It seems like every time I go to work in the down yard I find a new bottle that has emerged from the soil during the long winter months. The latest entrant in our bottle collection is this distinctive Nesbitt’s bottle, with its beveled ridges and the script Nesbitt’s name in raised lettering on the front.
Nesbitt’s of California sold a number of fruit-flavored sodas by the bottle in the ‘40s, ‘50s, and ’60s, but the most popular was Nesbitt’s orange soda, which was supposed to be made from 10 percent California oranges. The brand later fell out of favor and has been sold and owned by a series of different companies since some unknown kid drained their Nesbitt’s orange soda and left the bottle in our yard, but the internet indicates that you can still order Nesbitt’s orange soda on line. It looks like the design of the bottle has changed, however.
It’s interesting that a bottle of California soda pop could end up in a yard at the tip of an island on the coast of Maine.
Allow me to don the proud parent garb for a minute. Our son, Richard, had an article published in the Washington Post over the weekend, about the controversy in Texas about what to do with the Alamo site. You can find the article, which is a pretty nifty piece of reporting on an interesting topic, here.
Richard is a talented writer and careful journalist, and I think it is pretty darned cool that he got an article published in the national section of the Washington Post.
In our little neighborhood on the Greenhead peninsula, talk of the marauding deer population dominates the conversation. Everyone is trying to come up with ways to protect their flower and vegetable gardens from the pesky, voracious herd of Bambis that is roaming the local woods and yards, eating everything in its path.
This weekend we opened up our front in the Stonington Deer Wars by going to Mainescapes, a great garden store in Blue Hill, to get multiple flats of marigolds, which the locals believe are among the most effective non-spray, non-fence deer repellants. Then, on Saturday and Sunday I planted all of the marigolds at strategic locations in the side yard (above) and the down yard (below), hoping to create smell barriers that cause the odor-sensitive deer to steer clear of our yards and go out to eat somewhere else.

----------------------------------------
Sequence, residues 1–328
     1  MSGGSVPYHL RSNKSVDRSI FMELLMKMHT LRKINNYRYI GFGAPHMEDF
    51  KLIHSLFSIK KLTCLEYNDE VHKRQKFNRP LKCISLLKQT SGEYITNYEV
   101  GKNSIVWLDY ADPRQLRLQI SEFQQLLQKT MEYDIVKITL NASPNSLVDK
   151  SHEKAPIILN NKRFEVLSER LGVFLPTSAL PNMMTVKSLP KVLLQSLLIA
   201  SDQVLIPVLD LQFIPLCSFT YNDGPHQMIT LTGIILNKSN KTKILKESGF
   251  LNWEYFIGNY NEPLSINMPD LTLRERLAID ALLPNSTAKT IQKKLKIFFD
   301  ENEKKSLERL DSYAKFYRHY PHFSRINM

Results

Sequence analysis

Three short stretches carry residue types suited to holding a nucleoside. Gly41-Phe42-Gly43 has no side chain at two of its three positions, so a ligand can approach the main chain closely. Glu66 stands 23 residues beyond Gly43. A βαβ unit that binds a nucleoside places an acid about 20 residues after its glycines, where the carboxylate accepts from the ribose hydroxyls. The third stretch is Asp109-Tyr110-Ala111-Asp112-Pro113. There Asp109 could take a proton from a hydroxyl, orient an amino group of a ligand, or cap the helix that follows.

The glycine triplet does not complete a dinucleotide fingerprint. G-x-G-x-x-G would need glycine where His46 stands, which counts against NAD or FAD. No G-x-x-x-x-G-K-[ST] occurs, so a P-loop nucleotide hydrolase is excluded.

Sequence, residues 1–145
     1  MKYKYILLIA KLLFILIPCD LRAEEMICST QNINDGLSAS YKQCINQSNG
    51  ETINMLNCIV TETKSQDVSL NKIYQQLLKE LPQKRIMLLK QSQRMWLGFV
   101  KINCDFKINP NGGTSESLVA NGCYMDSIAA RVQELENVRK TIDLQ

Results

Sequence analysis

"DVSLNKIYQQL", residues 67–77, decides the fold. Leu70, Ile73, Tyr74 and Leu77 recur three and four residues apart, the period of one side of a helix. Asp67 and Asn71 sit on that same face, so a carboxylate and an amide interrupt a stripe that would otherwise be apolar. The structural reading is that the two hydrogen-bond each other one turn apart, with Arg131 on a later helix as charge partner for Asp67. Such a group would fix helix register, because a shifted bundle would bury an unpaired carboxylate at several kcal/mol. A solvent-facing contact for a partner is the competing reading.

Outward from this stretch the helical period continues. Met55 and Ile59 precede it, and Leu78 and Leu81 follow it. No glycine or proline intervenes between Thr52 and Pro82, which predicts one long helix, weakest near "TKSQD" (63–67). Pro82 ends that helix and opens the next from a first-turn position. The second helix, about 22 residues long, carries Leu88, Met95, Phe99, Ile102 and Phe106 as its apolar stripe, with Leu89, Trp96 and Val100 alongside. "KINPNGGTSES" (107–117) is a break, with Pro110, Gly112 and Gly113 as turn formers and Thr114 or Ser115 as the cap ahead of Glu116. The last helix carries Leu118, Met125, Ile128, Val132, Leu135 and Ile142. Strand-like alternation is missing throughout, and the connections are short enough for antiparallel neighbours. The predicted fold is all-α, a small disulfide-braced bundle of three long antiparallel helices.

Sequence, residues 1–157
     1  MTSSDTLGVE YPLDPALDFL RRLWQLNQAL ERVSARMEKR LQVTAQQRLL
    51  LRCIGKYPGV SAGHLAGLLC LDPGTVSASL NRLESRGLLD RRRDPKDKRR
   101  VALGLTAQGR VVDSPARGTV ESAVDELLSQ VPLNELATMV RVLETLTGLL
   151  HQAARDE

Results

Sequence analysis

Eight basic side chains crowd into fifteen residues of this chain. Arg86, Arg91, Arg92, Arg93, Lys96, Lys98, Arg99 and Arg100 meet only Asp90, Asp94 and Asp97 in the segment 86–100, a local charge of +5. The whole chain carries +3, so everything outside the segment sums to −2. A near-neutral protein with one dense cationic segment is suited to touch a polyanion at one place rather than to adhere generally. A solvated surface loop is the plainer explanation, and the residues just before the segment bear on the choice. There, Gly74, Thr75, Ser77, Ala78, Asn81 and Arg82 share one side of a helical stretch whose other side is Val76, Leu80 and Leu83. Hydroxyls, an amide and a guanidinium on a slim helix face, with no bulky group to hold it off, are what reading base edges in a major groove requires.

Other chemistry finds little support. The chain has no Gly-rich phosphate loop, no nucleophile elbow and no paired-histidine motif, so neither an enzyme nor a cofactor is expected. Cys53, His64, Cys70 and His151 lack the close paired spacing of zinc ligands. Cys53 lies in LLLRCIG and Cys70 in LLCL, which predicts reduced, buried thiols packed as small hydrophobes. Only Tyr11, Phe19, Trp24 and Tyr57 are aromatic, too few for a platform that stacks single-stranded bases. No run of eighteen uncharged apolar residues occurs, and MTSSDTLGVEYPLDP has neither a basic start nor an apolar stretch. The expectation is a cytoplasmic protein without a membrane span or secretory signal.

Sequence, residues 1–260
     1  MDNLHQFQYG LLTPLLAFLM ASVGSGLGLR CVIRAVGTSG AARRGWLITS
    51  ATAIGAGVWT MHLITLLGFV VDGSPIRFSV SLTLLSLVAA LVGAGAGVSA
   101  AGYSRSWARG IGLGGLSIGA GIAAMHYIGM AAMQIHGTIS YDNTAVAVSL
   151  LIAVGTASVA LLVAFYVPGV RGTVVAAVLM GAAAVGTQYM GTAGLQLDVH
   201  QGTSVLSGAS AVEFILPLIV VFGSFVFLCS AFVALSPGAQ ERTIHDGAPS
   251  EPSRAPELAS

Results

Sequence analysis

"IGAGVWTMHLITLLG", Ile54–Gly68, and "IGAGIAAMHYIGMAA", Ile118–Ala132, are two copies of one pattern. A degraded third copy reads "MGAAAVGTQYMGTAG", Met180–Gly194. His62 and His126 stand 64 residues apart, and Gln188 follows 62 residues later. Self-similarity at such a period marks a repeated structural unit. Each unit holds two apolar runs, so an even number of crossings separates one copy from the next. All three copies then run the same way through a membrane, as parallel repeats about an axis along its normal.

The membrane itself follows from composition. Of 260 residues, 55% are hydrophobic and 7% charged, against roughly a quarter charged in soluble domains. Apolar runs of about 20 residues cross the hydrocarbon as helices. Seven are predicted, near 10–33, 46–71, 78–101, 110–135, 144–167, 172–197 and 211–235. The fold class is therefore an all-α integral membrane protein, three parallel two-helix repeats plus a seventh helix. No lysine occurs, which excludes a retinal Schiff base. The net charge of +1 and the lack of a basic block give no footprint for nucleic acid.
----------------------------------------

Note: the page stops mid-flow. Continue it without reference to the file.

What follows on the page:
Whether any of this will work is anybody’s guess. But at least we’ll have a riotous collection of yellow and orange marigolds to add some color to the yards–if the deer don’t eat them first, that is.
We’re lucky to have some talented artists as friends, and I am flattered that they have liked some of my Stonington photos enough to use them as the basis for paintings.
It’s a beautiful, sunny Sunday in Stonington today, with perfect conditions for some photography of the scenes around town. Above is a photo looking east form a spot next to the mailboat dock, and below is a shot of downtown Stonington, and a big patch of floating algae, from the public dock next to the Harbor View grocery store. They both have some interesting colors and lots of different shades of blue.
I’ll keep taking the pictures as long as someone else does the painting!
Happy Mother’s Day to my wife, my mother, my grandmothers, and all of the mothers and grandmothers who have meant so much to their children and grandchildren. Your voices and sayings and teaching will always echo through our minds and help to shape and guide us as we encounter life’s challenges. That’s why you deserve a special day!
Winters in Stonington can be harsh, and spring comes later than it does in the Midwest. But it does arrive . . . eventually.
One sure sign of spring is the emergence of the fiddleheads. Our down yard is fiddlehead territory, with lots of ferns growing among the rocks. They get wiped out during the long winter, but they are hardy plants that are used to the cold, wet, windy conditions. When spring growing season is upon us, these little fiddleheads shoot up from last year’s dead debris. Soon they will unfurl like flags to expose their fronds, and then the ferns will grow like crazy. By mid-June we’ll have ferns and their bright green colors dappling every nook and cranny of the down yard.
When the fiddleheads come forth, it’s time to start planting your flowers.
The CDC has been hard at work. It has developed extensive COVID-related guidelines for virtually every activity or gathering Americans might conceivably participate in these days. There is specific CDC guidance for workplaces and businesses, schools, retirement communities, church functions–even something super-specific, like what to do if you are operating a community garden or outdoor learning garden. You can take a look at the roster of guidance here.
It’s fair to say that the CDC rules would produce a summer camp experience that would bear no resemblance to the summer camps many of us attended as kids. Let’s just say that the kids who were unlucky enough to go to a CDC-compliant camp wouldn’t be spending carefree hours around a campfire, playing capture the flag with their newfound camp friends, or sitting at long tables and making bad ashtrays for Mom and Dad during the “craft period.” The New York article summarizes some of the guidance as follows: